At the Design Museum, four design researchers in residence will bring live research to public and professional audiences, building on the museum’s long-standing Designers in Residence programme and in conjunction with the ongoing Waste Age exhibition. The first cohort will be:
- Thomas Aquilina
- Delfina Fantini van Ditmar
- Samuel Iliffe
- Sanne Visser.
Shaping a better future
Clean Growth, Energy and Climate Change Minister Greg Hands said:
The UK is at the forefront of the global innovation race, delivering world-leading solutions to challenges such as climate change and our recovery from the pandemic, and our design expertise is crucial to this.
Today’s launch of the Future Observatory will help unleash the UK’s tremendous strengths in design research, setting the pathway for positive social and technological change in Britain, while ensuring people from all walks of life are at the heart of the innovation process.
Justin McGuirk, Chief Curator at the Design Museum and Director of Future Observatory said:
Future Observatory is a catalyst for bringing design research to life and connecting it to industry and policy-making so that it can have greater impact on the challenges the UK faces. We’re using the power of the Design Museum as a place that brings people together to imagine, debate and hopefully shape a better future.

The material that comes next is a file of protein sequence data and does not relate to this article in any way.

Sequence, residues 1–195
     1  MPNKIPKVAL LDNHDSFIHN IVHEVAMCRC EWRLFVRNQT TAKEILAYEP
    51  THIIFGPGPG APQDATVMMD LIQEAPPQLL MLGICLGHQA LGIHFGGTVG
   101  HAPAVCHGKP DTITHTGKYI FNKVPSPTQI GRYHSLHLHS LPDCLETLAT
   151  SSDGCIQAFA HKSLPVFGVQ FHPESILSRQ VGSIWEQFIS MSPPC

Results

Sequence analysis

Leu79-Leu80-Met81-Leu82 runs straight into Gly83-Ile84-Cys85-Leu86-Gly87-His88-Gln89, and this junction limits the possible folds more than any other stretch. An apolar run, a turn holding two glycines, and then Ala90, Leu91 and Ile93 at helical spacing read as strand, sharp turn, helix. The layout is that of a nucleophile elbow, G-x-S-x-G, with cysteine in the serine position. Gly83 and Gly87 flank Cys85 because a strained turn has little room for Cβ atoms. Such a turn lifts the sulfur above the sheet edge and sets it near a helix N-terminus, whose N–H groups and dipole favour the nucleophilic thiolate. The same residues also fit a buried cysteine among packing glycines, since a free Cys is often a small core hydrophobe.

Outstanding design capability
Ottoline Leyser, CEO, UK Research and Innovation said:
The past 18 months have demonstrated the power of combining expertise from across disciplines and sectors to find innovative solutions for global challenges.
The Future Observatory programme will bring together designers and design researchers with businesses and innovators to address priorities such as net zero. The programme will convene and mobilise leading researchers in design and innovation, informing national design policy and highlighting the UK’s outstanding design capability.
Professor Christopher Smith, Executive Chair, Arts and Humanities Research Council said:
Artists and designers are pivotal to reimagining infrastructures and systems which help us overcome the most pressing challenges of our time, and bringing them alive for individuals and communities.